Following the success of his debut album, Doo-wops and Hooligans, likeable young soul-pop chap Bruno Mars has a lot to live up to. It was a lively, often wildly inventive pop album that sold more than six million copies, and its string of hit singles made him the biggest selling digital artist of 2011. And that soaring tenor of his, part soul superstar with a little bit of rock rawness to it, made Mars an important new voice and musician on the scene.
So when Unorthodox Jukebox's first single, Locked Out of Heaven, came out he was seemingly on track to nail his second coming. Because even though the song is a rip-off of the Police it was yet another catchy and celebratory capsule of pop perfection.
But when you are an ambitious and musically restless tunesmith like Mars, making a whole album palatable is a different story. And, initially at least, for all its impressive genre-hopping and sonic shifts, Unorthodox Jukebox comes across as a little incoherent. Which means Mars, who it has to be said is a smoothie both in voice and style, never fully gets his silky flow on.
And then there's a tendency to lean too heavily on his influences, even though more often than not he pulls it off like on Locked Out of Heaven for example, and the fun and funky Earth Wind and Fire groove of Treasure, a sunny summertime treat.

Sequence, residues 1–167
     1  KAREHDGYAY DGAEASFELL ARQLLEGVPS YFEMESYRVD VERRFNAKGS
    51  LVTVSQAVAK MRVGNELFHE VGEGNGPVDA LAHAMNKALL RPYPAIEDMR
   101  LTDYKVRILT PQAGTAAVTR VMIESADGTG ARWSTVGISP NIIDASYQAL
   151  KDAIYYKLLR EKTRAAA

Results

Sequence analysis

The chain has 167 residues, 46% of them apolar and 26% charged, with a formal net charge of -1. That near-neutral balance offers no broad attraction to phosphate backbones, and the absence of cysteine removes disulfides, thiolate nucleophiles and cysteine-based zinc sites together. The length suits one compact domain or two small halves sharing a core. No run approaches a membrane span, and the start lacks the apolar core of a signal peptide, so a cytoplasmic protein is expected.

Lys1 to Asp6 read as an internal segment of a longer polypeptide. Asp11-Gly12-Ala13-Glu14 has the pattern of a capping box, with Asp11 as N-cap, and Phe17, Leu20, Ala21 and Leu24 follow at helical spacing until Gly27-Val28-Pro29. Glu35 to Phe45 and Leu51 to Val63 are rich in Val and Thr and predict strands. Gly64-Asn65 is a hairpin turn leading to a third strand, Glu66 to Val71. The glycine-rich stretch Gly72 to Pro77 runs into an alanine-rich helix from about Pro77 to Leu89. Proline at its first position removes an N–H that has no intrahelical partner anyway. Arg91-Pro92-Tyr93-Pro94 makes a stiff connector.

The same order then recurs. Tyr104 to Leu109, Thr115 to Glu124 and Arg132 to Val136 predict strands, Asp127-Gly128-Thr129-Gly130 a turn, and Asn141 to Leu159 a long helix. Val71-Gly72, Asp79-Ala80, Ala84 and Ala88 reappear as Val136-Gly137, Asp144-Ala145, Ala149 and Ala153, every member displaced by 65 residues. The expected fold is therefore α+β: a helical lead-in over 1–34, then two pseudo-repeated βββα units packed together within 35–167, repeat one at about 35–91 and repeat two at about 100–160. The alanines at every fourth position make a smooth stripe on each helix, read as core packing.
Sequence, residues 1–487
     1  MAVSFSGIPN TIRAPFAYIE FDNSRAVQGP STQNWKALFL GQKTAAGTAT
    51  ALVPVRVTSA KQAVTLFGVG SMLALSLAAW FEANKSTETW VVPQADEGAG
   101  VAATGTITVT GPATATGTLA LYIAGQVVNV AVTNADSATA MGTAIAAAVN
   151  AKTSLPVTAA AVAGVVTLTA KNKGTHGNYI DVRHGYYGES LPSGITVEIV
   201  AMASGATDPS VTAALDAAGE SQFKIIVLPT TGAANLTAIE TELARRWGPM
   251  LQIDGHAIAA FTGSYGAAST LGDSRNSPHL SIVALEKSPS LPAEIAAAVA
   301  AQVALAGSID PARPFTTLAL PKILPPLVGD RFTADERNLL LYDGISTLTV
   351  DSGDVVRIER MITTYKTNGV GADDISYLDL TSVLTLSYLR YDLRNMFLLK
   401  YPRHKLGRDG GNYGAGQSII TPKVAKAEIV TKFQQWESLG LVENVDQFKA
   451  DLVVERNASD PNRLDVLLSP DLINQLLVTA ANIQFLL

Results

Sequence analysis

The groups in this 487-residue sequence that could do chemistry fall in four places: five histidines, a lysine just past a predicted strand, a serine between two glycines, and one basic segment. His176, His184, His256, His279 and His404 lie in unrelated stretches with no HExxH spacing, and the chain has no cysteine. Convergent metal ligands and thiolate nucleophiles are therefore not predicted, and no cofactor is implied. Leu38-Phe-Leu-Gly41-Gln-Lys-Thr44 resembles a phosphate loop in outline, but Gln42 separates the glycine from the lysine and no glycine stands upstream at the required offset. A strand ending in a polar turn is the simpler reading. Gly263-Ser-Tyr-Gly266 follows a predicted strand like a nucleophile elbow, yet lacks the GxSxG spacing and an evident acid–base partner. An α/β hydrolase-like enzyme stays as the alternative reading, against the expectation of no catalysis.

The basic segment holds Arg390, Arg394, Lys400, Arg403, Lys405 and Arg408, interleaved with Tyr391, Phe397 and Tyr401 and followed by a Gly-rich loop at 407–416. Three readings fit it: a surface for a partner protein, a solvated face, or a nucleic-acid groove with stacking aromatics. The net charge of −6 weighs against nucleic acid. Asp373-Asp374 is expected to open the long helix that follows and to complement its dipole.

Be warned though because within this mix of styles there are some weak links, like reggae dub tune Show Me, which has some nice steel pan touches and galactic sonic outbursts, but is otherwise drab and limp. It's the Mars equivalent of New Zealand's barbecue reggae-meets-Sweet Lovers by the Holidaymakers. A song like that is not worthy of a talented chap like him. And the breathless banging of Natalie is, well, a bit brainless.
But give the guy and this album a chance because Gorilla, with beats by production wunderkind Mark Ronson, shows a tougher, bad boy side to Mars where he's off snorting cocaine and wreaking havoc - and it suits him, because before he was just a little too good to be true. It's by far his most interesting song to date too, as it moves between aching and soulful to serenading and grand.
Then there's Money Make Her Smile, a weird mix of progressive soul, 80s synth pop, and yapping house music, with Mars' infatuation with Michael Jackson in full effect; in total contrast, When I Was Your Man is just Mars and his piano, and last track If I Knew is a lovely, gutsy nod to the roots of soul music.
Though Unorthodox Jukebox is not quite the follow-up he needed to capitalise on the promise he showed on Doo-wops, there's no denying his talent.
Verdict: Yet to reach his full potential
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- TimeOutBy Scott Kara @scottkara Email Scott